Thursday, October 4, 2012

I miss my dad.

He used to call me every day, sometimes several times. Sometimes he'd call to complain, other times he'd call to joke. On the last day we spoke, we had many conversations and somehow I knew it was important to make the time to fully talk to him, even if the boys were destroying the house as we spoke. We talked about many things that day, but mostly Eastern medicine and philosophies. He was interested in trying acupuncture and I told him I'd find him a clinic. We also talked about Buddhism and other interesting religious philosophies. My dad was so smart and so well-read. I loved learning from him.

And then in May the phone calls stopped coming, he was gone. I had lost my father. Technically, he's still alive, if you could call it that. He called me late on May 7th complaining of a terrible headache and feeling ill. He said he believed it was from his new medication, which does carry those side effects. He lived with his wife and two teenage sons, so I thought they were near, but I didn't know they had already gone to bed in other parts of the house.

He had been recovering from open-heart surgery and through his recovery, he fought tooth and nail whenever anyone suggested he return to the hospital through a few complications he suffered. My conscience told me to encourage him to return to the hospital asap, but I didn't follow it for fear that we'd fight about it. Instead, I suggested that he drink some water and try to sleep, and to call me in an hour or two if he couldn't sleep, and at the very least to call me in the morning.

A call came in at about 6:30am. It was my brother, one of the boys living with my father. They found him collapsed on the laundry room floor, apparently after trying to get that glass of water I told him to get. He had been alone that night, after all. Had I known it, I would have either called an ambulance or called a relative to go check on him. I have a hard time letting go of that call, letting go of the guilt I feel for not following my gut. I think we are all carrying out a certain amount of guilt, even though the medical staff caring for him has been assuring us that the outcome would have been the same.

They rushed him to the hospital in an ambulance. He was apparently somewhat coherent, I learned later, enough to ask his wife not to take him to the hospital but to let him stay at home. Dave and I packed up our things and drove with the boys immediately to Utah. By the time I arrived, they had operated on him. They found that he had a subdural hematoma and a clot.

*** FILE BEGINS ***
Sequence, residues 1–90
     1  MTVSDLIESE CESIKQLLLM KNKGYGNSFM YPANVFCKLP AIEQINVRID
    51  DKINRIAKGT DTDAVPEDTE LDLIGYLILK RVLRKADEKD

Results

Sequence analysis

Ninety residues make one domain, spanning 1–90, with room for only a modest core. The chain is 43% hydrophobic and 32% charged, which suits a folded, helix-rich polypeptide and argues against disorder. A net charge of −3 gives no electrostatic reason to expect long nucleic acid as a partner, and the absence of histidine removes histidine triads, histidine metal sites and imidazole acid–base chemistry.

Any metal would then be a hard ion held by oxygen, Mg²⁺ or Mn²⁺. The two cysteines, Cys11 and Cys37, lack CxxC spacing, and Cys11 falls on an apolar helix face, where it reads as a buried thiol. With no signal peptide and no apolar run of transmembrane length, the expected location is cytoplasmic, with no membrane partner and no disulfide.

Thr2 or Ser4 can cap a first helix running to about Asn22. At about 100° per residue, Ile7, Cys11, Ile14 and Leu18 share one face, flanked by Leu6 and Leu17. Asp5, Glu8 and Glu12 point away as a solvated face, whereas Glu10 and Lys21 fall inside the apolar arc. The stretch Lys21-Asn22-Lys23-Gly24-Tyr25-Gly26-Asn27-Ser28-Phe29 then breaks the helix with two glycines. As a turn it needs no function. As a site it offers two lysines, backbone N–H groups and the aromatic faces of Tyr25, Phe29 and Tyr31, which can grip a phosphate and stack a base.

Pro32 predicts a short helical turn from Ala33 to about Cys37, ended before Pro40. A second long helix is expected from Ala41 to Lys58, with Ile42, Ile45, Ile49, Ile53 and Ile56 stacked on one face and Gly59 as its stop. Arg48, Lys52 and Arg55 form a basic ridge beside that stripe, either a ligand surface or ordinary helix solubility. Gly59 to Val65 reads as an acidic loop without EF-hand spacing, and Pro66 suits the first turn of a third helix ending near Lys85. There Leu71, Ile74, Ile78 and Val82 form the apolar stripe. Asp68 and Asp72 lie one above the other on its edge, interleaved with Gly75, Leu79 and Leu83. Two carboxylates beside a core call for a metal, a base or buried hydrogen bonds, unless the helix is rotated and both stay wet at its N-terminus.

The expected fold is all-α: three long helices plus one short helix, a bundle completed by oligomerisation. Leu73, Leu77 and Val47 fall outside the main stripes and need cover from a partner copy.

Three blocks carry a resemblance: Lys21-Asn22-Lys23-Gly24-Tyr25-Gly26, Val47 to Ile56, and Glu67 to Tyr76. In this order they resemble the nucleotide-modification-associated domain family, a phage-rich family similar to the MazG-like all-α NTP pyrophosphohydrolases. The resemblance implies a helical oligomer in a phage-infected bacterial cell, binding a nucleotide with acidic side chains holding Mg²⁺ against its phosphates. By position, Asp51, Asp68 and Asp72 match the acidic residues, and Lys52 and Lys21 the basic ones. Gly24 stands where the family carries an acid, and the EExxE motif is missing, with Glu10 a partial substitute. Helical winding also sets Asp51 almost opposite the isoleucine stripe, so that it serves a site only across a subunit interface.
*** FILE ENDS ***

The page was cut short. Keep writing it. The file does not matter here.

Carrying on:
The best I can piece together is that a few days prior to this he may have fallen and caused a slow bleed in the back of his head. Due to medications he was on, the bleeding was made worse and the pressure caused a stroke. He never really woke up. There are times where he seems more alert than others. After a couple of months he was able to open both eyes, but it seems that he cannot see. His pupils appear to be non-reactive.

He is on a ventilator and cannot speak. After a month they put in a tracheostomy tube so that he wouldn't have to have the tube in his mouth. He has been on life support ever since. I've visited as often as I've been able, usually bringing the boys with me and once spending the night on a chair at my dad's bedside. I've read to him a lot. He seems to like Winnie the Pooh stories and poetry by Emily Dickinson.

It's so heartbreaking to see him like this.

"I'm not afraid of dying, it's feeling sick all the time I don't want. I either want to live and feel good, or I'm okay with dying." That's what he told me before his heart surgery. He has had a very incredibly difficult last 5 months. My sister has been amazing through it all, spending every moment she can spare to see him and following up with every option and avenue of treatment, also coaching and helping my dad's wife with all of the paperwork.

Now he's back in the ICU with another infection and a clot in his lungs. My sister warned me to be prepared, that it can be any day now. Or, if more treatment is offered, perhaps invasive, he could be like this for a few more weeks, months, who knows?

It looks like I'll be back in Utah in the near future. It's tough with the boys. If I go without them, they don't sleep and they cry a lot, then we spend a lot of time dealing with residual separation anxiety. Also, if I leave them behind, we need to figure out child care. In this area child care starts at about $15/hour. If I take them, it's not easy to spend the time with my dad, though I did manage to spend a few hours each day with him last month, for nearly two weeks thanks to a wonderful aunt of mine.

I don't want him to die, but he can't live, not in his body anymore.

I miss him so much!

1 comment:

Barb said...

That's so hard Lizzy. I'm sorry. :(